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Body Contouring Surgery Risk Rises With Increased Body Mass Index

July 31, 2008

To: NATIONAL EDITORS

Contact: Adeena Babbitt of American Society for Aesthetic Plastic Surgery, +1-212-921-0500, media@surgery.org

Study reveals close correlation between degree of obesity and complications arising from popular aesthetic surgical procedure

NEW YORK, July 31 /PRNewswire-USNewswire/ — A recent study investigating the relationship between complications of body contouring surgery and body mass index has confirmed an increase in the occurrence of such complications with worsening degree of obesity. Findings from the study are published in the July/August 2008 issue of the Aesthetic Surgery Journal, the peer-reviewed publication of the American Society for Aesthetic Plastic Surgery (ASAPS).

In order to determine the degree of risk associated with obesity when undergoing body contouring surgery, a retrospective review was conducted of 129 patients who underwent a single body contouring procedure from 1993 and 2002. Patients were categorized based on their body mass index (BMI), clinical degree of being overweight, into groups including ideal (BMI 41). Complications were recorded into minor and major categories: minor complications included postoperative wound infection, or pockets of fluid (seroma) or blood (hematoma) in or around the wound; major complications included any wound requiring dressing changes, need for hospital readmission or prolonged admission, need for re-operation, or death.

Of the total number of patients, three of the ideal group experienced either minor or major complications, as compared to six in the overweight group; 10 in the obese group; eight in the morbidly obese group; and 22 in the severely morbidly obese group.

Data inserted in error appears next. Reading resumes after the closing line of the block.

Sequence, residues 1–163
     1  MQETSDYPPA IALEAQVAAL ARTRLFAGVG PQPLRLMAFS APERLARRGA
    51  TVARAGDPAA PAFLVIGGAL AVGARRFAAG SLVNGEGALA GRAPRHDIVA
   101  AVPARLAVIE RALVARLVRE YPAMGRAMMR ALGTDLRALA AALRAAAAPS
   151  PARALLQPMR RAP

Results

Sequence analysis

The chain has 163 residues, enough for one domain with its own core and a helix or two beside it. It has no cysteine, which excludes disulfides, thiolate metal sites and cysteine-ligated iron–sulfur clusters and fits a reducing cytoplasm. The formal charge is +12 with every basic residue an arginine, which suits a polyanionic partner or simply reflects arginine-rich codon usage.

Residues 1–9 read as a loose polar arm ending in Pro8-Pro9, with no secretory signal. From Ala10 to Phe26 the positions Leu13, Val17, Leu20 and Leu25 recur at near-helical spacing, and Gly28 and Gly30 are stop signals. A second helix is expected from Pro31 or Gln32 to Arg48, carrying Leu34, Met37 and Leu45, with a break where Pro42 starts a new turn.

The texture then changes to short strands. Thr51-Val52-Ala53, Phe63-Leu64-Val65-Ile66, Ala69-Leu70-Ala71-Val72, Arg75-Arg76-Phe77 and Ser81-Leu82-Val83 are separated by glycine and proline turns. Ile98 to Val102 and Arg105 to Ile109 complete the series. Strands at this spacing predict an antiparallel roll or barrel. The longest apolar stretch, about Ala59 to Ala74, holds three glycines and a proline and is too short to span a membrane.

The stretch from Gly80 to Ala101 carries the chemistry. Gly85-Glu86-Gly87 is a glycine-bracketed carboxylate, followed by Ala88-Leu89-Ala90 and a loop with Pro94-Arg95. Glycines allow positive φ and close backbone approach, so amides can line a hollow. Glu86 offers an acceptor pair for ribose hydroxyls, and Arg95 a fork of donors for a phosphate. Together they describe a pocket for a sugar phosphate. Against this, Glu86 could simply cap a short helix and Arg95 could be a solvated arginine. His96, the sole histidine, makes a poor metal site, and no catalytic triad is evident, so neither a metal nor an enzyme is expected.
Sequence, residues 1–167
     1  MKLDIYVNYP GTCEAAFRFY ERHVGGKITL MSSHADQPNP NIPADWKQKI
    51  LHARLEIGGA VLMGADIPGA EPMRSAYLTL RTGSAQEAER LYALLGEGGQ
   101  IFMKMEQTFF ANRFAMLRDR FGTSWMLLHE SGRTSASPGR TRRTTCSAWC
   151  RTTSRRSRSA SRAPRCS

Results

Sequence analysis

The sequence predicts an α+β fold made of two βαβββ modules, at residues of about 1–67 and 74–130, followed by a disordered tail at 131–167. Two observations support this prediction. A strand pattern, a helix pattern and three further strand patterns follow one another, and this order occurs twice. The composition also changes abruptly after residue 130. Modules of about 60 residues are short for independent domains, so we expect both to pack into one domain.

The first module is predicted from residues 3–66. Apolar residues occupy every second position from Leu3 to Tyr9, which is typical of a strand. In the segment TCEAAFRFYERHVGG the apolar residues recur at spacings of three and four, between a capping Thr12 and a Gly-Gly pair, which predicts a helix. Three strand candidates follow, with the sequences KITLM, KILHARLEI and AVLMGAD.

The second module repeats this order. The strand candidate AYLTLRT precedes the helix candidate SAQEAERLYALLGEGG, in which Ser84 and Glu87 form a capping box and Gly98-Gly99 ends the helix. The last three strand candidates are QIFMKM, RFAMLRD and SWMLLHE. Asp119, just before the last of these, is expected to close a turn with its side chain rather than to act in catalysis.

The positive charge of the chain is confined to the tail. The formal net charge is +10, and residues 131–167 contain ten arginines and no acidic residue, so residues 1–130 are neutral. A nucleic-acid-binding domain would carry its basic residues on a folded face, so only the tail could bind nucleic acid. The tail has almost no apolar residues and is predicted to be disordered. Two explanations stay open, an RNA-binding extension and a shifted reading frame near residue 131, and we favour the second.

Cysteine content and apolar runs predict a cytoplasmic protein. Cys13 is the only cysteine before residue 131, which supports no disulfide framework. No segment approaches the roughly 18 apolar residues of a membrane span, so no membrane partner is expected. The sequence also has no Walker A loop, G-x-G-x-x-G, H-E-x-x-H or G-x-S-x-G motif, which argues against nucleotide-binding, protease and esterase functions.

A statistically significant association was found between increasing BMI and an increased number of complications and poorer outcomes. Specifically, the percentage of complication increased as weight category increased. Minor complications increased from 3.3% in the ideal weight group to 46.9% in the severely morbidly obese group; major complications increased from 6.6% in the ideal weight group to 43.7% in the severely morbidly obese group.

An increasing number of patients are seeking out body contouring procedures such as thigh, buttock or upper arm lifts. According to ASAPS statistics, 368,313 body contouring procedures were performed in 2007.

Because of rising demand for body contouring procedures, it is increasingly important for plastic surgeons to be cognizant of potential predictors of poor outcomes and/or complications that can arise as a result, said Donald Mackay, MD, a board certified plastic surgeon at Penn States College of Medicine in Hershey, PA, and senior author of the study. Obesity is a significant risk factor when considering operative procedures, particularly due to secondary conditions, such as hypertension, diabetes, sleep apnea, cardiovascular disease, and poor healing, that generally accompany it.

Very few studies have looked at complication occurrence and its relationship with increasing body mass index.

These findings lay the groundwork for establishing evidence based medicine guidelines to better assist us in evaluating patients for potential risk when considering these increasingly popular procedures, and in weighing those risks against the potential benefits in our varied patients, said Alan H. Gold, MD, President of ASAPS. It is our responsibility as plastic surgeons to do everything possible to ensure the best and safest results for our patients.

AboutASJ

The Aesthetic Surgery Journalis the peer-reviewed publication of the American Society for Aesthetic Plastic Surgery (ASAPS) and is the most widely read clinical journal in the field of cosmetic surgery, with subscribers in more than 60 countries.

About ASAPS

The American Society for Aesthetic Plastic Surgery, the leading organization of board-certified plastic surgeons specializing in cosmetic plastic surgery. ASAPS active-member plastic surgeons are certified by the American Board of Plastic Surgery or the Royal College of Physicians and Surgeons of Canada. www.surgery.org

SOURCE American Society for Aesthetic Plastic Surgery

(c) 2008 U.S. Newswire. Provided by ProQuest Information and Learning. All rights Reserved.




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